WHAT'S with Grab?
Already South-east Asia's most valuable startup, it announced on Wednesday that Toyota has agreed to pump in an additional US$1 billion into the ride-hailing company.
The investment - said to be the largest by an automaker in the global ride-hailing sector - has raised questions among observers about the endgame for ride-hailing players and automakers.
Grab identified Toyota as a lead investor in the ride-hailing company's ongoing financing round. Under the agreement, both players will expand their existing collaboration in "connected cars" and roll out related services such as telematics-based insurance, which could reduce the cost of insurance premiums for safer Grab drivers.
The Business Times understands that Grab has received significant interest from both strategic and financial investors. The company said: "We are not disclosing our other investors at this point but are excited by the quality of investors who are interested in partnering with Grab."
This latest investment by Toyota reportedly values Grab at over US$10 billion.
Chua Boon Ping, head of the SPH Media Fund, told BT: "If ride-hailing becomes mainstream, demand for car ownership will drop. Automakers are hence hedging their bets with ride-hailing players because if they cannot sell more cars, their business will be affected."
He said that it would thus be a logical endgame move for automakers - as strategic investors in ride-hailing companies - to sell cars to or form leasing partnerships with these companies. New joint solutions such as telematics-based insurance are a "natural extension", he added.
Observers are baffled as to where all the money Grab has raised is going. While Grab would not share how much it is raising in this ongoing round, observers pegged the sum to be US$2 billion, similar to its Series G round led by Didi Chuxing and Softbank in 2017. To date, Grab has raised over US$5.1 billion - but remains unprofitable and is not focused on an initial public offering.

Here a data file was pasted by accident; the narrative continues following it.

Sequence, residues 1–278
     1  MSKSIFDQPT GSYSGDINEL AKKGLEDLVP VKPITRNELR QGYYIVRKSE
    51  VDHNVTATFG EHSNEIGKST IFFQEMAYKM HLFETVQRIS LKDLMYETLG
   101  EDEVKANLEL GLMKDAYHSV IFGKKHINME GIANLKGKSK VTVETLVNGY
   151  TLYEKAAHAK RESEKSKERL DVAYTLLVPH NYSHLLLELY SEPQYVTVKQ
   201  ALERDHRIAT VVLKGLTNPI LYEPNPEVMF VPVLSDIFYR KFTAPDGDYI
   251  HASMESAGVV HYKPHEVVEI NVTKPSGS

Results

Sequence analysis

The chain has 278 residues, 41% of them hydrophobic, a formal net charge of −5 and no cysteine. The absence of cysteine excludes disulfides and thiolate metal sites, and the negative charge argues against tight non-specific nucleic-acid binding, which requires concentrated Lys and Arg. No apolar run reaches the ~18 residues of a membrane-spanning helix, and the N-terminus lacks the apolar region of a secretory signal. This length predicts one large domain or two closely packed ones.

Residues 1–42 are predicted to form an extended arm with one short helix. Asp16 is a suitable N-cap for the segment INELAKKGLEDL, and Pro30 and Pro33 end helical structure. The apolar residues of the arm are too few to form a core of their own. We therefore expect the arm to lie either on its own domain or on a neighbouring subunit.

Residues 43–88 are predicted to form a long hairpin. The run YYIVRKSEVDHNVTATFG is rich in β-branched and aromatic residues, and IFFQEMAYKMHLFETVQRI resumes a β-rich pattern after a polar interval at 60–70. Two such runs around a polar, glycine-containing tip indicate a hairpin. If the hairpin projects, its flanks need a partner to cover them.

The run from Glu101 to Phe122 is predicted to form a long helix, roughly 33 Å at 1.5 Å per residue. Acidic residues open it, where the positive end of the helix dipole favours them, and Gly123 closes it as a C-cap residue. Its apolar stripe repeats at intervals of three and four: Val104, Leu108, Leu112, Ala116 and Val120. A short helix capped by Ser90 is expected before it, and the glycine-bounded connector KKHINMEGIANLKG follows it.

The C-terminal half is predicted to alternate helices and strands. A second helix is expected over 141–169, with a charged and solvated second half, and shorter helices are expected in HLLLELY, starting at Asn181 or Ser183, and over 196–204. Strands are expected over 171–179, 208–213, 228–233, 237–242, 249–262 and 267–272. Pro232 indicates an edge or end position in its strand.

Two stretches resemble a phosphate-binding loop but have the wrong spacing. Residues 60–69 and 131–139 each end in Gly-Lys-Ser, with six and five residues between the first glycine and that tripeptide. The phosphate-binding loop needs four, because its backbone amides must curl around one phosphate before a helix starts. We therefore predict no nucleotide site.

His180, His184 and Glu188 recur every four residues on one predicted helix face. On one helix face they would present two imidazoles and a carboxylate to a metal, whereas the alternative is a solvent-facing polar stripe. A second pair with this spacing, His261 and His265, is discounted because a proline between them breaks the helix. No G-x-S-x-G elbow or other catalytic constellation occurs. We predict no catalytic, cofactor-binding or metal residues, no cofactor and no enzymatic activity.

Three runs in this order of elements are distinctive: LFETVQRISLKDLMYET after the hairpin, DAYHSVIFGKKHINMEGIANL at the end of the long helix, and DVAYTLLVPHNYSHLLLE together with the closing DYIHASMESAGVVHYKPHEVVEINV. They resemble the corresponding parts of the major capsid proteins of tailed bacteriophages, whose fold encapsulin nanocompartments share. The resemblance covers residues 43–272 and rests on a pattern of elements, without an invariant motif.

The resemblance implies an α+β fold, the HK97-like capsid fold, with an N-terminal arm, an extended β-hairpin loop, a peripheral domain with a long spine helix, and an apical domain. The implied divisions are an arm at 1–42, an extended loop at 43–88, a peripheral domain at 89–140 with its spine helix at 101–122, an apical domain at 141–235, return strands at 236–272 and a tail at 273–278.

Li Jianggan, chief of business consultancy firm mworks and former Asian head of Easy Taxi, told BT: "Grab is constantly raising money - and I believe they do need a good cash reserve to realise their complex ambition of being the dominant Internet and fintech giant in South-east Asia. Specifically, they will want to deter any large investors from potentially backing Go-Jek."
Go-Jek is the Indonesian-owned -and-run tech startup specialising in ride-hailing, logistics and digital payments.
Heang Chhor, managing partner at Qualgro VC, said as much: "It's likely not a coincidence that Grab's announcement comes only a few weeks after Go-Jek's announcement to deploy US$500 million towards its expansion across South-east Asia. The clear signal from Grab is that it will continue to build on its market-leading position."
Asked what the endgame is for Grab and Toyota, Lee Der-Horng, director of the NUS-LTA Transport Research Centre, said: "To me, it is the better realisation of MaaS (Mobility as a Service) by combining Toyota, the technology supplier and inventor, and Grab, the service provider."
He added that Grab is moving towards an "industrial expansion" with a focus on connected-car technologies. "It is even ramping up insurance technologies prior to stronger regulations from governments. This is a more pragmatic vision compared to Uber's flying cars. Grab really has its goals in perspective."
Notably, this is Toyota's second investment in Grab. Last year, its trading arm, Toyota Tsusho Corp, participated in Grab's Series G round. Hyundai and Honda have also made strategic investments in Grab; Grab also has a network of mobility partnerships with companies such as Drive.ai, Baidu and nuTonomy.
Globally, automakers are increasingly betting on ride-hailing. Toyota in 2016 made a strategic investment in Grab's rival Uber, whose South-east Asian operations were acquired by Grab in March. General Motors (GM) has invested in Lyft, while Volkswagen has invested in Gett.
Interestingly, Uber - valued at US$62 billion in a stock deal announced in May - is bigger than GM (with a US$61.43 market cap) and Ford (US$47.68 billion).
Asked about the implications of Uber's superior valuation, Qualgro's Mr Chhor said: "I think this shows that the market is valuing not only the revenue and growth potential of the existing core business of ride-hailing players, but also services such as delivery, payments and perhaps even the transition to autonomous vehicles."
mworks' Mr Li added: "It shows that direct and sticky access to consumers - and their data - is valued more than assets, which are becoming commodities. Automakers need to avoid being disrupted.